Saturday, January 19, 2013
When is a cooking book not a cookbook?
Sometimes, you just pick up a book because it's there, and you aren't sure you're going to like it, and then you end up loving it.
That's what happened to me with Julie Powell's Julie & Julia (Little, Brown and Company, 2005; 359 pages in mass market paperback). I was at the library one day and couldn't find anything I wanted to read. Nothing. My last stop was at the "free" paperbacks rack, where they put the donated paperbacks that aren't even really part of the library's collection. You don't check them out; you just take them home and then bring them back whenever you've finished reading, or you bring back another in its place.
Well, I'd seen the film version of the book, starring Meryl Streep and Amy Adams, and liked it all right. So, I figured I'd give the book a try.
For those of you who aren't familiar with the book or the movie, this is the (mostly?) true story of Julie Powell, a secretary for a government agency in the wake of 9/11, not really loving her job and looking for something fulfilling to do. So, she decides to cook her way through volume one of Julia Child's' "Mastering the Art of French Cooking". That's something over 500 recipes, some of them very intricate and involved, in a year. Not only did she decide to do this, she decided to blog about it.
The blog eventually brought her a bit of national media attention, as well as a book contract to write Julie & Julia.
I was leery of the book at first. I'm not much of a cook, but more the heat and assemble type. I'm getting better. In fact, after I finish writing this post, I'm going to put on some potatoes and eggs to boil for potato salad. It's a simple potato salad, but it's good. Just the potatoes and eggs, plus salt and pepper, mayonnaise, mustard, vinegar, and a little water. Oh, and some wedged black olives if there are any in the cabinet. It's the potato salad my grandma taught me to make when I was very young. Every once in awhile I get a craving for it.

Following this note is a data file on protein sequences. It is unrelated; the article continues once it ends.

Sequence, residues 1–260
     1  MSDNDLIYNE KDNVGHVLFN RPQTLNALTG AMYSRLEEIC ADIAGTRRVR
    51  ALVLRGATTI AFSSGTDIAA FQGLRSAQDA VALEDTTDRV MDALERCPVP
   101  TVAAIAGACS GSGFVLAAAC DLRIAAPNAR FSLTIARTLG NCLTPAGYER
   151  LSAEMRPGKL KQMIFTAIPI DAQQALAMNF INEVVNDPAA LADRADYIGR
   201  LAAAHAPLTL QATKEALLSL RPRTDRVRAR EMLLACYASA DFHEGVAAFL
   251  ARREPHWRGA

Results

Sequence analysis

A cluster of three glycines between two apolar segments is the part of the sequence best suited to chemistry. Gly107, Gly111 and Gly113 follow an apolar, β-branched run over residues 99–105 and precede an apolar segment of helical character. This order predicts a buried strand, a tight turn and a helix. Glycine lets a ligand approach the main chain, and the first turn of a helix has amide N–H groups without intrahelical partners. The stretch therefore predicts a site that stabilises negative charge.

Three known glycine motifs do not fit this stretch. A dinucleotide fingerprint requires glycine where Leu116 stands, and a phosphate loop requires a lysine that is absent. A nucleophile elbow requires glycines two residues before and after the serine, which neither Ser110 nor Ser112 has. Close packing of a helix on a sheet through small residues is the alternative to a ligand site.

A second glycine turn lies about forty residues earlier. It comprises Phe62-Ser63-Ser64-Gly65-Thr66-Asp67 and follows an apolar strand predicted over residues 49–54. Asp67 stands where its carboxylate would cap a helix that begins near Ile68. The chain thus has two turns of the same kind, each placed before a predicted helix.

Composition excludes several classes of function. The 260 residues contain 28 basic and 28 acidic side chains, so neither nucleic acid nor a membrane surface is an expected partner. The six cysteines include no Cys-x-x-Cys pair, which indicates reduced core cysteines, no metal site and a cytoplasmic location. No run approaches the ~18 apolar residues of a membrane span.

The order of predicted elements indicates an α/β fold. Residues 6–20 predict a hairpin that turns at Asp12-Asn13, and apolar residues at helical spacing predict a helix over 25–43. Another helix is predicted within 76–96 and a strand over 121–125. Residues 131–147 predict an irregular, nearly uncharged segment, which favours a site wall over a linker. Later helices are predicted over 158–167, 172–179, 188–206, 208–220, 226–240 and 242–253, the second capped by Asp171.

Oops. Sorry for the tangent. The book...I was afraid that there was going to be too much cooking detail that I wouldn't understand. Well, there's cooking detail there, but not too much, and I actually understood most of it. But there is also Julie's life for that year, and the life of her husband and her friends. And there's the blog, which kind of became a character all its own, in a good way.
What the book isn't, is just like the movie. There is much more Julia Child in the movie than there is in the book. There are vignettes between most of the chapters from Julia's life and the life of her husband, Paul, taken from his letters, but they are brief. I would have liked there to be a little more Julia in the book, because the parts about Julia's life in the movie were what I liked most about it.
On the other hand, we learn a lot more about Julie in the book than in the movie. As it turns out, I like Julie much more in the book than I did in the movie. She's plain-spoken and opinionated, and when she screwed up the cooking, she lets you know. She's profane at times - and writes about how some of the readers of her blog were uncomfortable about her use, especially, of the word "fuck". But that's Julie, and it wouldn't be the same book if she reined herself in.
I suspect that Republicans, or at least those without a sense of humor, might not like the fact that Julie isn't enamoured much with the Republican Party, and is plain about that fact in the book. This comes out mostly in her writing about her job, which was for an agency dominated by Republicans during a Republican administration. But, again, that's Julie, and the book wouldn't be the same if the reader didn't get to know that part of her.
This is a good book. If you like cooking, and if you like good writing, you should probably read it. If you don't like cooking, read it anyway. It might make you want to try to do some more cooking. That's the effect it had on me. When I was finished reading, my first instinct was to go grab a cookbook, any cookbook, and see what I might make.